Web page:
After the council, Congar said "respecting many questions, the council remained incomplete. It began a work which is not finished, whether it is a matter of collegiality, of the role of the laity, of missions and even of ecumenism." Congar's work focused increasingly on the theology of the Holy Spirit, and his 3-volume work on the Spirit has become a classic. [9] He was also a member of the International Theological Commission from 1969 to 1985.

Congar continued to lecture and write, publishing work on wide-ranging topics including Mary, the Eucharist, lay ministry and the Holy Spirit, as well as his diaries. His works include The Meaning of Tradition and After Nine Hundred Years which addresses the East-West Schism.

In 1963, Congar was diagnosed with a "diffuse disease of the nervous system" which caused weakness and numbness in his extremities. [10] In 1985, the diagnosis was changed to a form of sclerosis which increasingly affected his mobility and writing ability, and made his scholarly research difficult. He became a resident at the Military Hôpital des Invalides in Paris from 1986.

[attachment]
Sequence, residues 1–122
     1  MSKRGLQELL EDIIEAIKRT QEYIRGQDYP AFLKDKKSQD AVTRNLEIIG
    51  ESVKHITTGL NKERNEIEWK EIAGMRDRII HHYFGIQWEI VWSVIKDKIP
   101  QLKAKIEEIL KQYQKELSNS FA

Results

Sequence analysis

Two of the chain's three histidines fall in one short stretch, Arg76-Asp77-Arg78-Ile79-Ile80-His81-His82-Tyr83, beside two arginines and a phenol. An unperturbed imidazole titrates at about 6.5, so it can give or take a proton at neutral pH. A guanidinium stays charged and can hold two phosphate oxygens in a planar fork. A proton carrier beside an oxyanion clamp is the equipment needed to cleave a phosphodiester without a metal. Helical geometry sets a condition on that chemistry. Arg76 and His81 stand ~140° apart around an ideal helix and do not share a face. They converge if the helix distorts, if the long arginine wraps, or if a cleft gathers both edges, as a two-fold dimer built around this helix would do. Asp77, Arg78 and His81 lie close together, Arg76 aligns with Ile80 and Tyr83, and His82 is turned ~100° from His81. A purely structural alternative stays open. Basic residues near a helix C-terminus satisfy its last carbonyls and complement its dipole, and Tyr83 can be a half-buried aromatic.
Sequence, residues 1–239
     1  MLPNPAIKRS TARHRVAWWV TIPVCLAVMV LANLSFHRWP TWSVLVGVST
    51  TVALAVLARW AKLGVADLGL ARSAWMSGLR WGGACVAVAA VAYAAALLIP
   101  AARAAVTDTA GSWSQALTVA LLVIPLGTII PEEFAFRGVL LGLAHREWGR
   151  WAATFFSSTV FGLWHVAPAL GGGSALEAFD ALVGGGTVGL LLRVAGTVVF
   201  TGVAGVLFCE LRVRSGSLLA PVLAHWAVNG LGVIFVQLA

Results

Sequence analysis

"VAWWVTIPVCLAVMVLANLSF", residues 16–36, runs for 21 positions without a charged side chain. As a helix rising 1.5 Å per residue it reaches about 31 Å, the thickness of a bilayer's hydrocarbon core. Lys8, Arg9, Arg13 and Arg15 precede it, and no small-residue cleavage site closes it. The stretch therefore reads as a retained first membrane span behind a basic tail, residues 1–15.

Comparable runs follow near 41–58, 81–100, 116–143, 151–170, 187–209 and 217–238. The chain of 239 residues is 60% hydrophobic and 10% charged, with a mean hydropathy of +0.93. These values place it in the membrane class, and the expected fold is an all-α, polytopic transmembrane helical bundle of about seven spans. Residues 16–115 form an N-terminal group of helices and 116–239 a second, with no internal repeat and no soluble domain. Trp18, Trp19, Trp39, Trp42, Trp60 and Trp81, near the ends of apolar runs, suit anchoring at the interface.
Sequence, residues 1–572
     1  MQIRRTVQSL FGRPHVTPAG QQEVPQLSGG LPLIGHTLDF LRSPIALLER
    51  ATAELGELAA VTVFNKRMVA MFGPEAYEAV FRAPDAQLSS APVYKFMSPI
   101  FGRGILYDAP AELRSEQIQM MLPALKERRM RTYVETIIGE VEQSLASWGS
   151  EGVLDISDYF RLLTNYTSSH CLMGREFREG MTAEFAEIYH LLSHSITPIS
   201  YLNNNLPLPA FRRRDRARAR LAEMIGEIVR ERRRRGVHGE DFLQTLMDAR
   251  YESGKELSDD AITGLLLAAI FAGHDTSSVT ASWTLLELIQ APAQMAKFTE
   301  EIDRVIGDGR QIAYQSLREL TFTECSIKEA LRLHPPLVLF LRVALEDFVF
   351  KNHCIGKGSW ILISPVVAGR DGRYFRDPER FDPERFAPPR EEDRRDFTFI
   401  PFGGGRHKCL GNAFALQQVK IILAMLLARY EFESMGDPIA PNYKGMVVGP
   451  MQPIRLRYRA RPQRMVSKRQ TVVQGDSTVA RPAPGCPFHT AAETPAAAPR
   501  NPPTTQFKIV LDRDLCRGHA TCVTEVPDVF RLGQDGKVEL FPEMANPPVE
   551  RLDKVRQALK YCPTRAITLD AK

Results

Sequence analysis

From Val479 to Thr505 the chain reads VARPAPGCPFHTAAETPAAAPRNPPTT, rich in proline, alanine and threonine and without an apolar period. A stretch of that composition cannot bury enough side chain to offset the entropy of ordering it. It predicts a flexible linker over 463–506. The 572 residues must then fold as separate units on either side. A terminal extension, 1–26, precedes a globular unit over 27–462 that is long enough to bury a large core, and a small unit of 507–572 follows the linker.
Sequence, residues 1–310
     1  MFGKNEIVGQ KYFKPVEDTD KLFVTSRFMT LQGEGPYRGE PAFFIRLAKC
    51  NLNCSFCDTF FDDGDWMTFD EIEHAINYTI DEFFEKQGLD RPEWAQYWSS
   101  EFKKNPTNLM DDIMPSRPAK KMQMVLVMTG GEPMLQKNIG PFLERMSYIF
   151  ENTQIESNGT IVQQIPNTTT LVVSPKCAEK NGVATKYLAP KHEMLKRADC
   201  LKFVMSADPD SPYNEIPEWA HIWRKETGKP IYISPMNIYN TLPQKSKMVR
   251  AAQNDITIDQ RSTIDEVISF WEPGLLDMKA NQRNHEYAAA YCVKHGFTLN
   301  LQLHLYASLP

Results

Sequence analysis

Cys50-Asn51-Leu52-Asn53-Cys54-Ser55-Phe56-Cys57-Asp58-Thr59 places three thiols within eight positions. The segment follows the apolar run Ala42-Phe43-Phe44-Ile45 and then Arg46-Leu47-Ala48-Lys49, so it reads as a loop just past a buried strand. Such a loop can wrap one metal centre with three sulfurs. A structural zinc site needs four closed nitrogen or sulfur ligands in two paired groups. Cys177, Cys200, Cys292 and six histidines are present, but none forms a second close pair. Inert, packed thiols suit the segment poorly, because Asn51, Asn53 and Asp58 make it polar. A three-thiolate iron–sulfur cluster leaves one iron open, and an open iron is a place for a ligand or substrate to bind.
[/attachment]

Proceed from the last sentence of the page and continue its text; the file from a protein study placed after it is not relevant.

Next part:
Cardinal and death

In November 1994 he was named a cardinal deacon by Pope John Paul II, shortly before his death on 22 June the following year. [11] His remains were buried in Montparnasse Cemetery. [12] [13]

Media portrayal

Selected works

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  1. "Obituaries: Cardinal Yves Congar; Reformist Theologian". Los Angeles Times . 26 June 1995. p. WVA14.
  2. Congar, Yves (2012). My Journal of the Council (English Text Copyright ed.). Collegeville, MN: A Michael Glazer Book by Liturgical Press. pp. iv, 303, 416, 465, 468, 469, 746, 841, 852, 853. ISBN   978-0814680292.
  3. Reinhardt, Mary (26 July 2015). Awakening Liturgical Spirituality in the Royal Priesthood of the Laity with Performance Theory. St. Norbert College. pp. 15–17.